Food Control 01/2015; 47:53–59. DOI:10.1016/j.foodcont.2014.06.021 · 2.81 Impact Factor
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    ABSTRACT: The diversity of lactic acid bacteria (LAB) associated with chicha, a traditional maize-based fermented alcoholic beverage from Northwestern Argentina, was analyzed using culture-dependent and culture-independent approaches. Samples corresponding to 10 production steps were obtained from two local producers at Maimará (chicha M) and Tumbaya (chicha T). Whereas by culture-dependent approach a few number of species (Lactobacillus plantarum and Weissella viridescens in chicha M, and Enterococcus faecium and Leuconostoc mesenteroides in chicha T) were identified, a higher quantitative distribution of taxa was found in both beverages by pyrosequencing. The relative abundance of OTUs was higher in chicha M than in chicha T; six LAB genera were common for chicha M and T: Enterococcus, Lactococcus, Streptococcus, Weissella, Leuconostoc and Lactobacillus while Pediococcus only was detected in chicha M. Among the 46 identified LAB species, those of Lactobacillus were dominant in both chicha samples, exhibiting the highest diversity, whereas Enterococcus and Leuconostoc were recorded as the second dominant genera in chicha T and M, respectively. Identification at species level showed the predominance of Lb. plantarum, Lactobacillus rossiae, Leuconostoc lactis and W. viridescens in chicha M while Enterococcus hirae, E. faecium, Lc. mesenteroides and Weissella confusa predominated in chicha T samples. In parallel, when presumptive LAB isolates (chicha M: 146; chicha T: 246) recovered from the same samples were identified by ISR-PCR and RAPD-PCR profiles, species-specific PCR and 16S rRNA gene sequencing, most of them were assigned to the Leuconostoc genus (Lc. mesenteroides and Lc. lactis) in chicha M, Lactobacillus, Weissella and Enterococcus being also present. In contrast, chicha T exhibited the presence of Enterococcus and Leuconostoc, E. faecium being the most representative species. Massive sequencing approach was applied for the first time to study the diversity and evolution of microbial communities during chicha manufacture. Although differences in the LAB species profile between the two geographically different chicha productions were observed by culturing, a larger number for predominant LAB species as well as other minorities were revealed by pyrosequencing. The fine molecular inventory achieved by pyrosequencing provided more precise information on LAB population composition than culture-dependent analysis processes. Copyright © 2014 Elsevier B.V. All rights reserved.
    International Journal of Food Microbiology 12/2014; 198C:9-18. DOI:10.1016/j.ijfoodmicro.2014.12.027 · 3.08 Impact Factor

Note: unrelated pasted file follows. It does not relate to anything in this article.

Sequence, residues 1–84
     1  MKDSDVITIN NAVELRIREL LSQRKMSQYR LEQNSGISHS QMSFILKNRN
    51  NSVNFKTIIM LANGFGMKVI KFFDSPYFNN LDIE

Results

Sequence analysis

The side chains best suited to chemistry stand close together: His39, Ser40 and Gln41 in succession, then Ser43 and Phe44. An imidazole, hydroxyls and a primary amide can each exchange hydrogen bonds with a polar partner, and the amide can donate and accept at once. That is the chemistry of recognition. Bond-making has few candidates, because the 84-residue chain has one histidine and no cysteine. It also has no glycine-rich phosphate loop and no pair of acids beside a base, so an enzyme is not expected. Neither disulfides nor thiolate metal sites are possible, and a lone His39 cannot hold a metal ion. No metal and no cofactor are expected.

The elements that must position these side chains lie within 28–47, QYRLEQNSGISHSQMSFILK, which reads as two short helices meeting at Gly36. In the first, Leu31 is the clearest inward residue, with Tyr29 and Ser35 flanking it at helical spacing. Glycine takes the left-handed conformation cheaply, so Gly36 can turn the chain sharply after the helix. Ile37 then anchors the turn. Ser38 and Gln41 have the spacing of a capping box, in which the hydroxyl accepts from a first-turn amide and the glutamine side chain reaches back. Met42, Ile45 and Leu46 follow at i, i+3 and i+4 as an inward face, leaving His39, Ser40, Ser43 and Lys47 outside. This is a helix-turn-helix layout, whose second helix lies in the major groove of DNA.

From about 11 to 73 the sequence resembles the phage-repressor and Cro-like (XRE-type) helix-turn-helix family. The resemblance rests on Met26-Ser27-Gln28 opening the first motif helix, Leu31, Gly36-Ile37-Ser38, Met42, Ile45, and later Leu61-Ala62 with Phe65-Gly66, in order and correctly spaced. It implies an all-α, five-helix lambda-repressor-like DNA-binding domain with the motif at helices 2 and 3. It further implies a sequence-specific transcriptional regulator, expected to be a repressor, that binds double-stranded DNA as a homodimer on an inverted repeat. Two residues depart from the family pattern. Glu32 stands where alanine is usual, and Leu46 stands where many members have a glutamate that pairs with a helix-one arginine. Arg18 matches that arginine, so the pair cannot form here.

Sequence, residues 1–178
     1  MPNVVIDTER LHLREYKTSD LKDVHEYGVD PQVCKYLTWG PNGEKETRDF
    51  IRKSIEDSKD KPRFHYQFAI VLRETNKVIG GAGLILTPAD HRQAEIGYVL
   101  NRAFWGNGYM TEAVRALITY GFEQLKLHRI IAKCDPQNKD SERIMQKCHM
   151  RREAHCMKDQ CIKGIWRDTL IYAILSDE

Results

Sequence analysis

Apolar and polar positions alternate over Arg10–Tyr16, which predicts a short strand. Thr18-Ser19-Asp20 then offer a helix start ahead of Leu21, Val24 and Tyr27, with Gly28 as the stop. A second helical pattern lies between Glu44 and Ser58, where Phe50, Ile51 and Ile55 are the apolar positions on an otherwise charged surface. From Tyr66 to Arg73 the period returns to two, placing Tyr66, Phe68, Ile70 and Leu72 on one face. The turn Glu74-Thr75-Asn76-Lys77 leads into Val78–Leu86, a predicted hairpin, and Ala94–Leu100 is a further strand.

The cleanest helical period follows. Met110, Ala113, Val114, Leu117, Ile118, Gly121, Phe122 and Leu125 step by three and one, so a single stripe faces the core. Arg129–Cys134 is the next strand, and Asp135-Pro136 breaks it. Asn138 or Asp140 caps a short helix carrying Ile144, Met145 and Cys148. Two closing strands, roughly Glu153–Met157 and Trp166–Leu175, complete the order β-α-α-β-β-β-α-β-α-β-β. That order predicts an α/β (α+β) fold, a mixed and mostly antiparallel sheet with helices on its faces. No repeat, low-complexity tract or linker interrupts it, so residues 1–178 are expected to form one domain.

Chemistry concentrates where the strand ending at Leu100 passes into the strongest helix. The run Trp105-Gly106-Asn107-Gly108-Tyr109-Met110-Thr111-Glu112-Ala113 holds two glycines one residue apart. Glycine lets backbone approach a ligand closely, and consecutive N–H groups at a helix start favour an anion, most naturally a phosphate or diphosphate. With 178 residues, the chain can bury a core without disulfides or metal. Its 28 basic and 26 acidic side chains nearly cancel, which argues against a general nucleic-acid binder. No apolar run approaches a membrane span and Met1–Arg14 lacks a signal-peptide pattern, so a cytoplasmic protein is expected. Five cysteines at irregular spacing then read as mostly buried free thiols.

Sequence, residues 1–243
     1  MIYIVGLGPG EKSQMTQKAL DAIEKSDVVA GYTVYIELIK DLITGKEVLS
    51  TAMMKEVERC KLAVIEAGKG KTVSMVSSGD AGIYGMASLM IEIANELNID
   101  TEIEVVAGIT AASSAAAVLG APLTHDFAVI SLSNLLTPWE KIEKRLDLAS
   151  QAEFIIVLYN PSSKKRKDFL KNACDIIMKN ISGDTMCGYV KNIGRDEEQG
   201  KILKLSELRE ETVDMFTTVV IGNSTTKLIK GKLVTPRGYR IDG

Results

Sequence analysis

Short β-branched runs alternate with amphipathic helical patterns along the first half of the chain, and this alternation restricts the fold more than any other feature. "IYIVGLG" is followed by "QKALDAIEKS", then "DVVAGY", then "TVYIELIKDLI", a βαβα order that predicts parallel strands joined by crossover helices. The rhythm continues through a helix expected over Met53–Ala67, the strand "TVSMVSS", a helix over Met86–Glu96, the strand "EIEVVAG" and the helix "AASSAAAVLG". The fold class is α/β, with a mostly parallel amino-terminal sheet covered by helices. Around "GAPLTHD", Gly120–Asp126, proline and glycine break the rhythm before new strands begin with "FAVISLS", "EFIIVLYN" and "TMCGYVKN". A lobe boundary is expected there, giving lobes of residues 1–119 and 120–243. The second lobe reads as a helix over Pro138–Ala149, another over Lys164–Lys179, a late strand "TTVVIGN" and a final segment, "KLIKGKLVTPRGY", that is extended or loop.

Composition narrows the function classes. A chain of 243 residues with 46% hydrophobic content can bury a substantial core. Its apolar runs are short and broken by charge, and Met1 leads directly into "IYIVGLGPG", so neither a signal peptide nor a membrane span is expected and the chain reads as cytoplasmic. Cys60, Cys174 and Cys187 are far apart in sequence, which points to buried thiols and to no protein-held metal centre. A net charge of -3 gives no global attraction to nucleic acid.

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    Fabrizio Cappa · Nicoleta Suciu · Marco Trevisan · Susanna Ferrari · Edoardo Puglisi · Pier Sandro Cocconcelli ·
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    ABSTRACT: Glaciers are important ecosystems, hosting bacterial communities that are adapted to cold conditions and scarcity of available nutrients. Several works focused on the composition of bacterial communities in glaciers and on the long-range atmospheric deposition of pollutants in glaciers, but it is not clear yet if ski resorts can represent a source of point pollution in near-by glaciers, and if these pollutants can influence the residing bacterial communities. To test these hypotheses, 12 samples were analyzed in Madaccio Glacier, in a 3200 m a.s.l. from two areas, one undisturbed and one close to a summer ski resort that is active since the 1930s. Chemical analyses found concentrations up to 43 ng L− 1 for PCBs and up to 168 μg L− 1 for PAHs in the contaminated area: these values are significantly higher than the ones found in undisturbed glaciers because of long-range atmospheric deposition events, and can be explained as being related to the near-by ski resort activities. Isolation of strains on rich medium plates and PCR-DGGE analyses followed by sequencing of bands allowed the identification of a bacterial community with phylogenetic patterns close to other glacier environments, with Proteobacteria and Actinobacteria the mostly abundant phyla, with Acidobacteria, Firmicutes and Cyanobacteria also represented in the culture-independent analyses. A number of isolates were identified by molecular and biochemical methods as phylogenetic related to known xenobiotic-degrading strains: glaciers subjected to chemical contamination can be important reservoirs of bacterial strains with potential applications in bioremediation.